EP0124363B1 - Photochemical decontamination treatment of whole blood or blood components - Google Patents

Photochemical decontamination treatment of whole blood or blood components Download PDF

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Publication number
EP0124363B1
EP0124363B1 EP84302845A EP84302845A EP0124363B1 EP 0124363 B1 EP0124363 B1 EP 0124363B1 EP 84302845 A EP84302845 A EP 84302845A EP 84302845 A EP84302845 A EP 84302845A EP 0124363 B1 EP0124363 B1 EP 0124363B1
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Prior art keywords
blood
psoralen
method according
blood components
components
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EP84302845A
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German (de)
French (fr)
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EP0124363A3 (en
EP0124363A2 (en
Inventor
Gary P. Wiesehahn
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CESSIONE;MILES INC.
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Diamond Scientific Co
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Priority to US490681 priority
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    • AHUMAN NECESSITIES
    • A61MEDICAL OR VETERINARY SCIENCE; HYGIENE
    • A61KPREPARATIONS FOR MEDICAL, DENTAL, OR TOILET PURPOSES
    • A61K35/00Medicinal preparations containing materials or reaction products thereof with undetermined constitution
    • A61K35/12Materials from mammals; Compositions comprising non-specified tissues or cells; Compositions comprising non-embryonic stem cells; Genetically modified cells
    • A61K35/14Blood; Artificial blood
    • AHUMAN NECESSITIES
    • A61MEDICAL OR VETERINARY SCIENCE; HYGIENE
    • A61KPREPARATIONS FOR MEDICAL, DENTAL, OR TOILET PURPOSES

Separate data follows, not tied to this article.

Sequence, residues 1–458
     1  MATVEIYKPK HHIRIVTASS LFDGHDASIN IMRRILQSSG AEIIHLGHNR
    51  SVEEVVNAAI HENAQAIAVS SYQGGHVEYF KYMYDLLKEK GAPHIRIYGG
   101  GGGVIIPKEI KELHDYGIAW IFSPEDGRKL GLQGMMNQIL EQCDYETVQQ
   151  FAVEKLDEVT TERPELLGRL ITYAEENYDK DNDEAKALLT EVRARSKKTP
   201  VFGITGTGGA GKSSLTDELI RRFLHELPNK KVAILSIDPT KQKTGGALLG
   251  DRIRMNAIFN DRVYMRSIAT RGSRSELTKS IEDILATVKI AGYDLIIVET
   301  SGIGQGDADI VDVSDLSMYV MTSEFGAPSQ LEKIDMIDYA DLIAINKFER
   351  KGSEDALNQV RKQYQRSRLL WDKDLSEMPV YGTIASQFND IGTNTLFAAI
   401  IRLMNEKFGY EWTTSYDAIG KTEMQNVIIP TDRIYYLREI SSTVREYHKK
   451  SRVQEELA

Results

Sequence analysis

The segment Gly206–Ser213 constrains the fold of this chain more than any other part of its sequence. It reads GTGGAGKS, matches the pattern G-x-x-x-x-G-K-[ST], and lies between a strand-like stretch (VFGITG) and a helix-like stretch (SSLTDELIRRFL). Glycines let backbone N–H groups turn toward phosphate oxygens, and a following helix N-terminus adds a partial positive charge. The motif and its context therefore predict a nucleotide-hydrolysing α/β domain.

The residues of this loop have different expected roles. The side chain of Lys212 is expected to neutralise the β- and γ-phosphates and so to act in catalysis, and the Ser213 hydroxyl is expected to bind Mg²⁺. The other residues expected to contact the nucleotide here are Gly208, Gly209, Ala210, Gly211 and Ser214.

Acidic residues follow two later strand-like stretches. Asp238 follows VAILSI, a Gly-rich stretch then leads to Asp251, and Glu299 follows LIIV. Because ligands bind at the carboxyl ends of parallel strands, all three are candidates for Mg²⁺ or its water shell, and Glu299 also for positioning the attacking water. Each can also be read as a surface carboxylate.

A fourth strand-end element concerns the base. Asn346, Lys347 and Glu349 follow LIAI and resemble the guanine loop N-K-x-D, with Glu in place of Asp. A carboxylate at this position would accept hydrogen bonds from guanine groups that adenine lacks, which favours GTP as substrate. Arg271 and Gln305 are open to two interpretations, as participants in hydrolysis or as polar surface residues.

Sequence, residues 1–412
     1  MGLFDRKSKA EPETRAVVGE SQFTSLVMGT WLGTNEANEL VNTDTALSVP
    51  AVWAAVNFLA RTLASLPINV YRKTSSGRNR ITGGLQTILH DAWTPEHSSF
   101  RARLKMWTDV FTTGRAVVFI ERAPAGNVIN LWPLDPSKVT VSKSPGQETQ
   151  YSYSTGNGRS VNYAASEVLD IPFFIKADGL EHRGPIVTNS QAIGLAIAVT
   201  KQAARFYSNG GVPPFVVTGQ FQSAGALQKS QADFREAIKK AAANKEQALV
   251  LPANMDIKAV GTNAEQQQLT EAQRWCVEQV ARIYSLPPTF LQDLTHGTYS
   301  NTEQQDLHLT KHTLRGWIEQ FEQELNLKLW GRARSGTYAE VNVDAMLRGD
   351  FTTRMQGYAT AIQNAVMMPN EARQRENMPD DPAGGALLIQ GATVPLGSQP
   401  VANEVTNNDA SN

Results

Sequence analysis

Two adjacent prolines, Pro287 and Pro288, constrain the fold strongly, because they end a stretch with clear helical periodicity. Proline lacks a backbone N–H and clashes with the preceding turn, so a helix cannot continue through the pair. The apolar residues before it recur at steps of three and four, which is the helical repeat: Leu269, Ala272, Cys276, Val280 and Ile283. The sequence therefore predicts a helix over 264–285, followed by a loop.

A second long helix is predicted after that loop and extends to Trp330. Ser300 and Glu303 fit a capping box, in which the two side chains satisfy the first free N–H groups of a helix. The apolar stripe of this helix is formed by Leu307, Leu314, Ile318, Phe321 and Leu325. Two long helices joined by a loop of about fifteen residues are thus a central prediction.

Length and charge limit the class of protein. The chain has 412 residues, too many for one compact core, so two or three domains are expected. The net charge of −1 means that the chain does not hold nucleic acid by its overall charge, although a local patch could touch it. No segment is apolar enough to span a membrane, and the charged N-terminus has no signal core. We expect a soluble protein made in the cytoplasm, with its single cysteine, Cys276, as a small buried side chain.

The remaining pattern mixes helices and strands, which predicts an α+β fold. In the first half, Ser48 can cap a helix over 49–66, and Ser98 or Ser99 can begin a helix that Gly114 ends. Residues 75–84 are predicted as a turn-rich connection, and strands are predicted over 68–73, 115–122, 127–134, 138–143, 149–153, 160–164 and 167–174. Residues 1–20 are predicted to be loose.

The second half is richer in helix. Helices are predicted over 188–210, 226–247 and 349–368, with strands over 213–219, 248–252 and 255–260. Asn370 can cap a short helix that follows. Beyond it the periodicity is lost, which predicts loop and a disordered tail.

• A61K31/00Medicinal preparations containing organic active ingredients
    • A61K31/13Amines
    • A61K31/14Quaternary ammonium compounds, e.g. edrophonium, choline
    • AHUMAN NECESSITIES
    • A61MEDICAL OR VETERINARY SCIENCE; HYGIENE
    • A61KPREPARATIONS FOR MEDICAL, DENTAL, OR TOILET PURPOSES
    • A61K35/00Medicinal preparations containing materials or reaction products thereof with undetermined constitution
    • A61K35/12Materials from mammals; Compositions comprising non-specified tissues or cells; Compositions comprising non-embryonic stem cells; Genetically modified cells
    • A61K35/14Blood; Artificial blood
    • A61K35/16Blood plasma; Blood serum
    • AHUMAN NECESSITIES
    • A61MEDICAL OR VETERINARY SCIENCE; HYGIENE
    • A61KPREPARATIONS FOR MEDICAL, DENTAL, OR TOILET PURPOSES
    • A61K39/00Medicinal preparations containing antigens or antibodies
    • AHUMAN NECESSITIES
    • A61MEDICAL OR VETERINARY SCIENCE; HYGIENE
    • A61LMETHODS OR APPARATUS FOR STERILISING MATERIALS OR OBJECTS IN GENERAL; DISINFECTION, STERILISATION, OR DEODORISATION OF AIR; CHEMICAL ASPECTS OF BANDAGES, DRESSINGS, ABSORBENT PADS, OR SURGICAL ARTICLES; MATERIALS FOR BANDAGES, DRESSINGS, ABSORBENT PADS, OR SURGICAL ARTICLES
    • A61L2/00Methods or apparatus for disinfecting or sterilising materials or objects other than foodstuffs or contact lenses; Accessories therefor
    • A61L2/0005Methods or apparatus for disinfecting or sterilising materials or objects other than foodstuffs or contact lenses; Accessories therefor for pharmaceuticals, biologicals or living parts
    • A61L2/0011Methods or apparatus for disinfecting or sterilising materials or objects other than foodstuffs or contact lenses; Accessories therefor for pharmaceuticals, biologicals or living parts using physical methods
    • AHUMAN NECESSITIES
    • A61MEDICAL OR VETERINARY SCIENCE; HYGIENE
    • A61LMETHODS OR APPARATUS FOR STERILISING MATERIALS OR OBJECTS IN GENERAL; DISINFECTION, STERILISATION, OR DEODORISATION OF AIR; CHEMICAL ASPECTS OF BANDAGES, DRESSINGS, ABSORBENT PADS, OR SURGICAL ARTICLES; MATERIALS FOR BANDAGES, DRESSINGS, ABSORBENT PADS, OR SURGICAL ARTICLES